The shipping environment of your new location. Every market comes with its own unique challenges for shippers to consider. When determining a location to shift operations, it’s important to understand the new factors that would impact the supply chain.

 

For example, physical security is a bigger concern in some regions than others. To mitigate the risk of losing cargo due to theft, diversifying routes and border crossing locations can prevent repeat theft and delayed shipments. Without completing a full assessment of the shipping infrastructure, things like this can be missed and leave shipping operations less efficient or more vulnerable to risks than before the move.

 

Customs and tariffs changes. Customs can make any international move complex, but it’s important to understand the costs and trade procedures that come with shipping from a new location. Moving from China to Mexico, for instance, can come with tax incentives but only if certain requirements are met.

 

To reap the rewards of USMCA, the free trade agreement between Mexico, Canada and the U.S., companies need to meet a burden of proof that manufacturing processes are making significant product changes before they are shipped across the border. And because trade policy can change often, it’s important to establish a trusted, knowledgeable partner for customs and compliance before making the move to ensure cost savings is possible.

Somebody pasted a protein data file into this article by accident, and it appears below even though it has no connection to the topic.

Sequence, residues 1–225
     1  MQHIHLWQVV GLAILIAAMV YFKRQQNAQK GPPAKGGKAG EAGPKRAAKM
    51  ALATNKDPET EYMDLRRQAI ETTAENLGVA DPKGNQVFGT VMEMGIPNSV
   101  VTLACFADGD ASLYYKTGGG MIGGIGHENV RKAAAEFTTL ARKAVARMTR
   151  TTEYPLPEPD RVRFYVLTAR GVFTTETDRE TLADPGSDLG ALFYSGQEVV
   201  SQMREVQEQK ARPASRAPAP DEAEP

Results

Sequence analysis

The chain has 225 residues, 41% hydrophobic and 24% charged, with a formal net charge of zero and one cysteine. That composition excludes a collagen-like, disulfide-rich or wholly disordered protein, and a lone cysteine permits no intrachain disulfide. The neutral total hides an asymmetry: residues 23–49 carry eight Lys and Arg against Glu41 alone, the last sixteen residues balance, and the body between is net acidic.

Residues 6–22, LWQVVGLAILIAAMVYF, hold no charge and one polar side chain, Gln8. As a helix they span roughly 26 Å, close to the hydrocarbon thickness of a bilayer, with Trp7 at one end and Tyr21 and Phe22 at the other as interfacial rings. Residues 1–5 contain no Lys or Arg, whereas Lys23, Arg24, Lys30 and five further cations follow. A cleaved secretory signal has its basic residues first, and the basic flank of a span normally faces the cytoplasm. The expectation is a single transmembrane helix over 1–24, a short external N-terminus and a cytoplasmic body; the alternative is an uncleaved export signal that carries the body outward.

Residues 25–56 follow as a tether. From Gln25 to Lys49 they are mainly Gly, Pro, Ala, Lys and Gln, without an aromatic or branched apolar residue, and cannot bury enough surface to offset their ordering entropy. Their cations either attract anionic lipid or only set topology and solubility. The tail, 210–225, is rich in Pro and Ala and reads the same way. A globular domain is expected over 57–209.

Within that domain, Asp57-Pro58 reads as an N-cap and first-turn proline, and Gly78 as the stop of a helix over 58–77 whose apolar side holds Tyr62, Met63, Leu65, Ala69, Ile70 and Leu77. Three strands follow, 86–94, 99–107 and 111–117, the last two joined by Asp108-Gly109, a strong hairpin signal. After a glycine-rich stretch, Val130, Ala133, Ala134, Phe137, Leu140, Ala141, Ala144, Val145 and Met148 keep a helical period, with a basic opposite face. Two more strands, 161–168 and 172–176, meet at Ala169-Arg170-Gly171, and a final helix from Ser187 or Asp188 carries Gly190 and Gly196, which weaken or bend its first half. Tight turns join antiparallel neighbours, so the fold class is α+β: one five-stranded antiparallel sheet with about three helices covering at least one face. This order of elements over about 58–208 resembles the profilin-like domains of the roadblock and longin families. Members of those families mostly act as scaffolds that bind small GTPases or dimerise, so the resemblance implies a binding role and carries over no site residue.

Cost. It’s easy to assume that moving manufacturing operations closer to a product’s final destination would lower shipping costs, but that isn’t always the case. Because of the complex global shipping environment and the state of supply chain infrastructure in any country, ground transportation can be equally as expensive as shipping containers across the ocean. This spring, the cost of a truck from Mexico to the U.S. may be more expensive than a container shipped from China to the same location.